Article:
At the time of Huang’s guilty plea, the head of the FBI’s field office in Indiana stated: “Among the various economic espionage and theft of trade secret cases that the FBI has investigated in Indiana, the vast majority involve an inside employee with legitimate access who is stealing in order to benefit another organization or country. This type of threat, which the FBI refers to as the Insider Threat, often causes the most damage.”
 
The Opportunist
On August 29, 2012, Hanjuan Jin was sentenced to four years’ imprisonment for stealing Motorola trade secrets. She had been a software engineer at Motorola from 1998 through February 2007.
 
While on medical leave in 2006, Jin accepted employment with a Chinese competitor company, Sun Kaisens. She then returned to work at Motorola. At various times from February 26-27, 2007, Jin downloaded from Motorola’s secure internal computer network numerous proprietary technical documents and removed several documents and other materials from the company’s offices.
 
Also on February 27, Jin e-mailed her manager to give notice that she would be leaving Motorola immediately. The following day, she was arrested at Chicago’s O’Hare Airport after purchasing a one-way ticket to China. Police found her in possession of more than 1,000 electronic and paper documents belonging to Motorola.
 
The Mole
In February 2010, Greg Chung, a former Rockwell and Boeing engineer, was sentenced to more than 15 years’ imprisonment for acting as an agent of the PRC and stealing trade secrets about the Space Shuttle, the Delta IV rocket, and the C-17 military cargo jet for the benefit of the Chinese government.
 
In a September 2006 search of Chung’s residence, FBI and NASA agents found more than 250,000 pages of documents from Boeing, Rockwell, and other defense contractors inside the house and in a crawl space underneath the house.
 
Among the documents were scores of binders containing decades’ worth of stress analysis reports, test results, and design information for the Space Shuttle. Chung also sent numerous engineering manuals to the PRC, including 24 manuals relating to the B-1 bomber that Rockwell had prohibited from disclosure outside the company and select federal agencies.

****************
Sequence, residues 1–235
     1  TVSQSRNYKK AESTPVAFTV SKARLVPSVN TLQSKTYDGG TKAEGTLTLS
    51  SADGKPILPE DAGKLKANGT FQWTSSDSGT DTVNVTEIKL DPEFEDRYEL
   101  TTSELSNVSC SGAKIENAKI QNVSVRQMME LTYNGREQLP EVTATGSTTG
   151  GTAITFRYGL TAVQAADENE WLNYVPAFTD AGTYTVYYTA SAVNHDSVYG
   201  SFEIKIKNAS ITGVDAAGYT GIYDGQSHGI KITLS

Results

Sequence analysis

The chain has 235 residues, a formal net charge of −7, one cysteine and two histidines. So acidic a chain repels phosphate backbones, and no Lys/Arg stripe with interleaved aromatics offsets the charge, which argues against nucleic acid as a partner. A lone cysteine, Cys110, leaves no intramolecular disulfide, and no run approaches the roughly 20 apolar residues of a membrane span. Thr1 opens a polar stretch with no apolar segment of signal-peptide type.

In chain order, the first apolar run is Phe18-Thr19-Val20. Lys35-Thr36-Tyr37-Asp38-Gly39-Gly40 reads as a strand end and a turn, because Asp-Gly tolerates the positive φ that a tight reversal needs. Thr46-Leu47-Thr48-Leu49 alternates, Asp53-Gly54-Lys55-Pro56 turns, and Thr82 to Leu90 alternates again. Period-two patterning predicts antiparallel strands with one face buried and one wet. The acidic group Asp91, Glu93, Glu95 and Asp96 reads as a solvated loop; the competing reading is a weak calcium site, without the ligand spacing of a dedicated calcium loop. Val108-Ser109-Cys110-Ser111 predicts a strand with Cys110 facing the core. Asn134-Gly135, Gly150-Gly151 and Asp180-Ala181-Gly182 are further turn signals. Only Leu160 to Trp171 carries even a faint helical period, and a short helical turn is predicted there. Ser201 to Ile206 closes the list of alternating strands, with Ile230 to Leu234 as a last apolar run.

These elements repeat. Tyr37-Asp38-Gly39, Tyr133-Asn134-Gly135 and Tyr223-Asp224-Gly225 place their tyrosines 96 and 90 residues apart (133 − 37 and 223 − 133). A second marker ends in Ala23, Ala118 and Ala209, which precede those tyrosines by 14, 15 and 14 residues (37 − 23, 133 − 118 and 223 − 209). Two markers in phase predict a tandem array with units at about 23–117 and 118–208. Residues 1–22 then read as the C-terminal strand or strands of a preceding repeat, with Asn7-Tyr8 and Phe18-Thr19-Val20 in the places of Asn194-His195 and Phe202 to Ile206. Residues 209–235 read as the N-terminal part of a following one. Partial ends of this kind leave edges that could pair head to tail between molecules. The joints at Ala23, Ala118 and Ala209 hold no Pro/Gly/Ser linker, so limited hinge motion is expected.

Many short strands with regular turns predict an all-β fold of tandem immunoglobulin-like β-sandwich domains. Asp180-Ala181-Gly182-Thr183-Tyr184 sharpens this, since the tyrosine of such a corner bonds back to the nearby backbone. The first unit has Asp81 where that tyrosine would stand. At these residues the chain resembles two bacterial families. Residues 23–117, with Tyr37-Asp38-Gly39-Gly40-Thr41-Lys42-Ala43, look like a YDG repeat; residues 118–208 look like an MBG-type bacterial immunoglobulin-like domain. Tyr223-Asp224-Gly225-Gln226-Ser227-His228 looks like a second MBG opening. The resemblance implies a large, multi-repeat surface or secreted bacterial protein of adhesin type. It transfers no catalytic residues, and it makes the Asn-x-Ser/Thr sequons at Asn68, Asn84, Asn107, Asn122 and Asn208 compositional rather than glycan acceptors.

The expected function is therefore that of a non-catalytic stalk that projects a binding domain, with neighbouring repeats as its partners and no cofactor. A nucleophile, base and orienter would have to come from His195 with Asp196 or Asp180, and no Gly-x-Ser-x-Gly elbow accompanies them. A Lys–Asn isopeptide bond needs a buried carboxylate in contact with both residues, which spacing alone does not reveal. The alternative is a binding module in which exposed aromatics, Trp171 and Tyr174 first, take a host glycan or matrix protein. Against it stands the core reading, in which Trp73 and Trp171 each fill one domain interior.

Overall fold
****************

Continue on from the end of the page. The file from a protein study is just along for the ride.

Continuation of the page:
The Disgruntled
In March 2010, Michael Mitchell was sentenced to 18 months in prison and ordered to pay his former employer more than US$187,000. Mitchell had soured on his job at DuPont as a Kevlar® marketing executive, and ultimately he was fired for poor performance.
 
Before leaving, he downloaded numerous computer files with DuPont trade secrets and gave them to Kolon Industries, a South Korean competitor of DuPont’s Kevlar products with which Mitchell entered into a consultant agreement.
 
In this case, however, there may yet be a happy ending for the victim – or, at least, a not-so-unhappy ending. On September 14, 2011, a jury in the U.S. District Court for the Eastern District of Virginia awarded DuPont damages in the amount of US$919.9 million. That civil judgment is on appeal.
 
On October 18, 2012, the U.S. Department of Justice indicted Kolon Industries and several of its executives and employees for engaging in a multi-year campaign to steal trade secrets related to DuPont’s Kevlar products. The indictment seeks forfeiture of at least US$225 million in illicit proceeds.
 
Red Flags 
The news is not all bad. A 2012 insider threat study by Carnegie Mellon University’s Software Engineering Institute examined fraud and illicit cyber activity in the US financial services sector. Among other findings, the study concluded that an average of 32 months elapsed between the beginning of the fraud and its detection by the victim organization and that the insiders’ means were not especially sophisticated